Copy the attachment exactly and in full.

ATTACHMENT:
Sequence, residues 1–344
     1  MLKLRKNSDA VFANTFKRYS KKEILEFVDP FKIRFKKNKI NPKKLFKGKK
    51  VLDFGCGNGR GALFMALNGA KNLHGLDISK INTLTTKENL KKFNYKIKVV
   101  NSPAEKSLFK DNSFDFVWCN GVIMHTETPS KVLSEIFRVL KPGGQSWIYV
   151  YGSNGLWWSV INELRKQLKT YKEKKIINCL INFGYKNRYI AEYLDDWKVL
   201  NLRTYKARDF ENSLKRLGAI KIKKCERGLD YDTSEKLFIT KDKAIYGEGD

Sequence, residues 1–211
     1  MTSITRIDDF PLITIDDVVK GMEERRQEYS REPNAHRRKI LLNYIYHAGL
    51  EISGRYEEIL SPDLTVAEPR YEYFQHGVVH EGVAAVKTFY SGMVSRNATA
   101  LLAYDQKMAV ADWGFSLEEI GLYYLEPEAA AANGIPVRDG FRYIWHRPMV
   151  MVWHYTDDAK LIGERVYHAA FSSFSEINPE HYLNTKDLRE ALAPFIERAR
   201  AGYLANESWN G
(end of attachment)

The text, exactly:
Sequence, residues 1–344
     1  MLKLRKNSDA VFANTFKRYS KKEILEFVDP FKIRFKKNKI NPKKLFKGKK
    51  VLDFGCGNGR GALFMALNGA KNLHGLDISK INTLTTKENL KKFNYKIKVV
   101  NSPAEKSLFK DNSFDFVWCN GVIMHTETPS KVLSEIFRVL KPGGQSWIYV
   151  YGSNGLWWSV INELRKQLKT YKEKKIINCL INFGYKNRYI AEYLDDWKVL
   201  NLRTYKARDF ENSLKRLGAI KIKKCERGLD YDTSEKLFIT KDKAIYGEGD

Sequence, residues 1–211
     1  MTSITRIDDF PLITIDDVVK GMEERRQEYS REPNAHRRKI LLNYIYHAGL
    51  EISGRYEEIL SPDLTVAEPR YEYFQHGVVH EGVAAVKTFY SGMVSRNATA
   101  LLAYDQKMAV ADWGFSLEEI GLYYLEPEAA AANGIPVRDG FRYIWHRPMV
   151  MVWHYTDDAK LIGERVYHAA FSSFSEINPE HYLNTKDLRE ALAPFIERAR
   201  AGYLANESWN G